I am hopeful that you will do more than read this email and the attached document. I am hopeful that you will think about it and share your ideas with me. Let’s start a conversation!
Strength in Unity & Leadership By Example
Terry M. Haines
Chairman, Rogue Chapter #1260
2017 was a challenging yet very rewarding year. The chapter had almost 21,000 hours of community service and raised almost $13,000 that we gave to worthy community groups and projects.
Last year we lost one of our past leaders when Herb Robb passed away but we have also had a surge in new members’ thanks in part to participation in a weekly veteran’s breakfast. Success brings growth and last year we had a successful Snowflake event bringing 4 gold star families to Boatnik for 3 days of fun. We also had several members act as guardians for an Honor Flight that took 23 WW2 & Korean vets back to Washington DC to see their memorials. We initiated a program to recognize law enforcement personnel that was adopted nationally by NCOA and we held our first annual 5K VeteRUN which brought almost 100 community citizens out to run and enabled us to have the single largest fund raiser in the history of our chapter.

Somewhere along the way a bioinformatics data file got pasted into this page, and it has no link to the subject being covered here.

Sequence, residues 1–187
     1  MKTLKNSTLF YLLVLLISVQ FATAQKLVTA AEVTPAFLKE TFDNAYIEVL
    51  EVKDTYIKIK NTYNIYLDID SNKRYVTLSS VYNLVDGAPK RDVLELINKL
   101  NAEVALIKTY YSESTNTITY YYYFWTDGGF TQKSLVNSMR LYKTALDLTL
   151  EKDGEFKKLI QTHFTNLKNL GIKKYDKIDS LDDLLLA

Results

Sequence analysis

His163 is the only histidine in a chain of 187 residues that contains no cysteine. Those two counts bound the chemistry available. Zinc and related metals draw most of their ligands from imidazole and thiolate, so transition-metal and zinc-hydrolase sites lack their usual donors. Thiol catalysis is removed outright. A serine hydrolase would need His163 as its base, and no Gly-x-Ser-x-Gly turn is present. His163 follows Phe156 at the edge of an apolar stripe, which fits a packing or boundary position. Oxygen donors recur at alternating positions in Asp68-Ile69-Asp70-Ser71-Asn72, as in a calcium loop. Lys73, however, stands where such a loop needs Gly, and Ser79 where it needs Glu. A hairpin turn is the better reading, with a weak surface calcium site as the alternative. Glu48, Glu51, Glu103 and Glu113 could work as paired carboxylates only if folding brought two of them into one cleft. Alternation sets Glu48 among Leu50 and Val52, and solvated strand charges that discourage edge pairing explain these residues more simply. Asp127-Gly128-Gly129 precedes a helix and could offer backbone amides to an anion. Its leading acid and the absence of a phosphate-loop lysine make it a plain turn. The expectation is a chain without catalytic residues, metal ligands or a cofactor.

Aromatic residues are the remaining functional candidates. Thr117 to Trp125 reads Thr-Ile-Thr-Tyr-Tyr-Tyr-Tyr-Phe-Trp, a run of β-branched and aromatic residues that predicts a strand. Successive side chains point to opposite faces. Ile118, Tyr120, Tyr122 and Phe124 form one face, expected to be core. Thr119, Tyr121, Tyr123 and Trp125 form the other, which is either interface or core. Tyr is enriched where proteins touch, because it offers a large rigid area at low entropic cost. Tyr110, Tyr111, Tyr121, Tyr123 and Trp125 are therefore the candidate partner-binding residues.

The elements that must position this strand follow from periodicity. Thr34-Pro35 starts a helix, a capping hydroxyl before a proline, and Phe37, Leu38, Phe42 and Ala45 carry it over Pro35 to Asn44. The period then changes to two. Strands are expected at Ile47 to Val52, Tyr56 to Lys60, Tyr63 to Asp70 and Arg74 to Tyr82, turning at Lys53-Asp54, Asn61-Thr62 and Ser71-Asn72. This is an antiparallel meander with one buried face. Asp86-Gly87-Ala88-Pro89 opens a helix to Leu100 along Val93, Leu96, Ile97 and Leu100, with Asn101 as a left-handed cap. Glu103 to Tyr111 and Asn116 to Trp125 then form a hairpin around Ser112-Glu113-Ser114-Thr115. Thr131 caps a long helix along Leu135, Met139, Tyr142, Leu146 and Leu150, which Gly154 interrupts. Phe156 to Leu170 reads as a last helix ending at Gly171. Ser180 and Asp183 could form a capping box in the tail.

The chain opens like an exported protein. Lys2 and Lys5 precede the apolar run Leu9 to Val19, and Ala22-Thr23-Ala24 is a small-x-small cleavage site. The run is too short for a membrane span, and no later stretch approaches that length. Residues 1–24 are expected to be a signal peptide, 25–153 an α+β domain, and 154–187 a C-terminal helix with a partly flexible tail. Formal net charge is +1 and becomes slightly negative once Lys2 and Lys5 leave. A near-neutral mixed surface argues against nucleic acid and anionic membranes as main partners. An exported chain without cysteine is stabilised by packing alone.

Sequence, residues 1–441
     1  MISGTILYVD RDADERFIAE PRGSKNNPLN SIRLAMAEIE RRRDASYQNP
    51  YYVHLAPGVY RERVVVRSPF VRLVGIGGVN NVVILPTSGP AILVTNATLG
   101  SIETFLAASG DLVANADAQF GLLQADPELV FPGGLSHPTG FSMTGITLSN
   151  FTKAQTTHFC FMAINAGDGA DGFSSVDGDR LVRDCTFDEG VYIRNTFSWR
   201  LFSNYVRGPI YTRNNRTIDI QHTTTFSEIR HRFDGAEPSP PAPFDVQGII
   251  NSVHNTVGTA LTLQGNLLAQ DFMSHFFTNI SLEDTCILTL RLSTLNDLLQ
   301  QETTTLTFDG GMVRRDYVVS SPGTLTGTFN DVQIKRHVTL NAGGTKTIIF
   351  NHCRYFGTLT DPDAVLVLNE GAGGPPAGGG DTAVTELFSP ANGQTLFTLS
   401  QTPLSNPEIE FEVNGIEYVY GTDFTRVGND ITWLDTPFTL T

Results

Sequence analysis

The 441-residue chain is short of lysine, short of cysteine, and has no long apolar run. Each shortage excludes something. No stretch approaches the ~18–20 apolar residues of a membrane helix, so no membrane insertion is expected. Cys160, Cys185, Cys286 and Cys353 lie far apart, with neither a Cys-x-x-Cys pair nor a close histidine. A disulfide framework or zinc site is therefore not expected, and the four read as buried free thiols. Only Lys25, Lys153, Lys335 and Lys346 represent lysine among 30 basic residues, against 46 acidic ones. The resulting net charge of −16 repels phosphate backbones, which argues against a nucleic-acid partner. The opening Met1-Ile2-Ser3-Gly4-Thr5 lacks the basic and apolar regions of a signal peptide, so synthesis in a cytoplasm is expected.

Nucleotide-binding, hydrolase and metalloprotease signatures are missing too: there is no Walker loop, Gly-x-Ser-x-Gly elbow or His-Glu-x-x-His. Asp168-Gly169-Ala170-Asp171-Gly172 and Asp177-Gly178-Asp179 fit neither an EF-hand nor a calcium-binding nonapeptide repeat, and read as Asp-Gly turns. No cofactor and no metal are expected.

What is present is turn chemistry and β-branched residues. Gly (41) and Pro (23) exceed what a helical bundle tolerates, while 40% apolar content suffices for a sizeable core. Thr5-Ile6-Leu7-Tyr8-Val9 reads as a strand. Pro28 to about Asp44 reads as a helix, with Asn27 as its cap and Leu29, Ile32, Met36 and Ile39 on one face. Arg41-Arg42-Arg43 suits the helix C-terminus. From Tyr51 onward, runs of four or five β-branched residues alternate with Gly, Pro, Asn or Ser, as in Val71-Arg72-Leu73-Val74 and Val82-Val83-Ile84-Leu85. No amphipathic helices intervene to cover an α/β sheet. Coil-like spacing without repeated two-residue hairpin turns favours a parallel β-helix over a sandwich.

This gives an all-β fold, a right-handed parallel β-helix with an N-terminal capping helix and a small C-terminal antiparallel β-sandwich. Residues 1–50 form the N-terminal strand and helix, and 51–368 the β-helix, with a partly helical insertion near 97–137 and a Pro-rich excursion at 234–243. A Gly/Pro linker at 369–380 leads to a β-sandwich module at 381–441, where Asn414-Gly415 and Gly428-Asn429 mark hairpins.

As we move forward as an organization, it is important that the numerous past accomplishments of the men and women who have been members of NCOA do not fall into the oblivion created by our aging population. Our grandkids need to know what has been accomplished in the past and more importantly why these things were important enough for our generation to invest the blood, sweat & tears as well as our money and time in. In order to take a step in that direction I have been reaching out to our younger generation seeking input as to what is important to them. What are they willing to do or invest their time and finances on in order to arrive at a similar level of satisfaction that prompted us to do what we did? Times have changed and we have to be willing to adapt or everything we have done will fade into oblivion when we die.
To that end, I am seeking input and utilizing my position on NCOA’s International Board of Directors to see if there are programs or causes that will resonate with today’s young troops. So far I have gotten feedback like “why doesn’t NCOA partner with Habitat for Humanity to help build housing for our poor.” “Why doesn’t NCOA take on social problems like trying to curb veteran suicide because 22+ veterans are committing suicide every single day?” “Why does NCOA require membership to attend brick and mortar meetings every month in order to stay in good standing?” These issues are just the tip of the iceberg but ones that we can no longer afford to sweep under the rug. We can evolve or we can die and I didn’t invest the last 30+ years of my life on something to just give up and fade away. How about you? Do you have ideas? Do you want to be part of the solution? Join me. I want to hear from you!